In the Real Weddings series, we share stories of recently wed couples who used Etsy to source items for their celebration, and learn more about how they planned the day they said, “I do.”
In fairytales and paperback romance novels the order is always the same: First comes love, followed by a beautiful (if slightly over-the-top) wedding, and then, barring any major plot twists, years and years of contented wedded bliss. It’s sequential and predictable—everyone lives happily ever after. But New York–based couple Mina Okamura Cavanaugh and Brady Cavanaugh were never much for convention, so it was only fitting that their romance followed a trajectory all its own. And when it came time to plan their big day, they did things a little differently—for starters, they were technically already married.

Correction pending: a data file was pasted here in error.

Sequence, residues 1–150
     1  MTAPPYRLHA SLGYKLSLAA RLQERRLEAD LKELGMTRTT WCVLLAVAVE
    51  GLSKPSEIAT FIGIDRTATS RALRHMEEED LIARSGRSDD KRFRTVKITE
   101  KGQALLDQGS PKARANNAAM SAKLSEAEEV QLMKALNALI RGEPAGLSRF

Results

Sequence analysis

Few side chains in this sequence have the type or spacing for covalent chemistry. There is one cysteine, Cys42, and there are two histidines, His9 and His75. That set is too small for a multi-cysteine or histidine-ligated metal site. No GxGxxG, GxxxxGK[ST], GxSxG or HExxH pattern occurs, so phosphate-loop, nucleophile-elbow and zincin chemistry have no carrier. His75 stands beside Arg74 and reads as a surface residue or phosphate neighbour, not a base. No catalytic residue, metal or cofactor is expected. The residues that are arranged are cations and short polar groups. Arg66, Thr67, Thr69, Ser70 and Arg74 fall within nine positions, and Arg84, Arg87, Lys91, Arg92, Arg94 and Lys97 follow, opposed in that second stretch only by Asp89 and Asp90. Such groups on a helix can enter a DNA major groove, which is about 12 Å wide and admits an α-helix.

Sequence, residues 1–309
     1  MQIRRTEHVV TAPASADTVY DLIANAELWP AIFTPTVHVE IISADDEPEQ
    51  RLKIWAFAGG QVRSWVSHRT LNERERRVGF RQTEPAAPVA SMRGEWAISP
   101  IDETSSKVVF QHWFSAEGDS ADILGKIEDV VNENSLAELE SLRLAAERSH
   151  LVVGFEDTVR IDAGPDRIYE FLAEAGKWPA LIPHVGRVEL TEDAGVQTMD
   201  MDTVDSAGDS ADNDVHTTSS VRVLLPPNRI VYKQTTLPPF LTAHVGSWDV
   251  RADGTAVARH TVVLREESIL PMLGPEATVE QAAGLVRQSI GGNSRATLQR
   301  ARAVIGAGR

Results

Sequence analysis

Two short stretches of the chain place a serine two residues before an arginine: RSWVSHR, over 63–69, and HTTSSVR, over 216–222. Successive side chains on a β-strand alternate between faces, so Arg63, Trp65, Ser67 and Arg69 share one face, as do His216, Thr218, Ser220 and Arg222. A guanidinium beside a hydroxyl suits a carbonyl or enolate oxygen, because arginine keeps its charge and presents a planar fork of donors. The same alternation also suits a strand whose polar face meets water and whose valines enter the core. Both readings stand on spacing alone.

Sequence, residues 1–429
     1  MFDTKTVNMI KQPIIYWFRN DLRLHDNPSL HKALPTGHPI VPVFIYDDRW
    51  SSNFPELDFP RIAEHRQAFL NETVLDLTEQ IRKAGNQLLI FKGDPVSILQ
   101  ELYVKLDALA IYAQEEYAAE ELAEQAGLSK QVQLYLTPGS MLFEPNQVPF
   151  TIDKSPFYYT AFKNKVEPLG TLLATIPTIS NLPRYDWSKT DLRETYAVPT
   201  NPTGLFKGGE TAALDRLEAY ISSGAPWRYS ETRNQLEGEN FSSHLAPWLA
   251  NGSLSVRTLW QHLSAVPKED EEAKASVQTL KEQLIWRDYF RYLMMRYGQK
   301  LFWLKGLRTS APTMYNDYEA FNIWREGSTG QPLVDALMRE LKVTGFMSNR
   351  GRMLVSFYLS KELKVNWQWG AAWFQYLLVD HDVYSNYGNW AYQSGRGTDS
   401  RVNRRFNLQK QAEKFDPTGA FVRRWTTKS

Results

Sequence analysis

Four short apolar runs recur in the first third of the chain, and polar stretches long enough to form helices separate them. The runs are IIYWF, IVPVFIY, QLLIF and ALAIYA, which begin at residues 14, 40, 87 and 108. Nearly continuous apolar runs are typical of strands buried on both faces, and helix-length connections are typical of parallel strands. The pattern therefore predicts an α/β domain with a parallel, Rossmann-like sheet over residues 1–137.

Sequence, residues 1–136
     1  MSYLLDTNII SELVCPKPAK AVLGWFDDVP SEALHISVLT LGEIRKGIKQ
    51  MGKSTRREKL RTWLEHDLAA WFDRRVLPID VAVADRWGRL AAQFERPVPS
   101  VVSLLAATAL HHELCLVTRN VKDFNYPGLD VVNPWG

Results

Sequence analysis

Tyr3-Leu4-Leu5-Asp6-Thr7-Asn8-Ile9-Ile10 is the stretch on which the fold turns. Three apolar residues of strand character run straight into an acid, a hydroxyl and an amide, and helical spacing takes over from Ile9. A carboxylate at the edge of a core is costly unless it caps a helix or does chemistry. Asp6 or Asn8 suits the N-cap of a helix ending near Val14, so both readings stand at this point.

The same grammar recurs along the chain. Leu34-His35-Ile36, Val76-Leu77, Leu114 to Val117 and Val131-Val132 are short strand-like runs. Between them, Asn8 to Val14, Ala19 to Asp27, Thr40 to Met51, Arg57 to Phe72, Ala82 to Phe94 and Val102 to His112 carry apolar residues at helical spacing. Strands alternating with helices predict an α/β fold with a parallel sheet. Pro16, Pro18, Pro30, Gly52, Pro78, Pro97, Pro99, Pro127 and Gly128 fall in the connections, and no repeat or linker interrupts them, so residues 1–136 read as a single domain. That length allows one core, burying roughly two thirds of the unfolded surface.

Mina and Brady met their sophomore year of college in Madison, Wisconsin, at a dorm party hosted by a mutual friend. They began dating, and when Mina landed a job in Tokyo after graduation, Brady followed her back to her native Japan. But Mina was promptly transferred to the countryside, leaving Brady behind in the city where he’d landed a teaching job. The irony was thick: “We moved to Japan so that we could stay together, but we ended up doing long distance within Japan,” says Mina. After a year, Brady resolved to head back to the States—but before he left, the duo decided to get married. “We knew that we wanted to, we just weren’t sure how it was going to happen,” says Mina. “The timing was weird, but we just decided, why not?”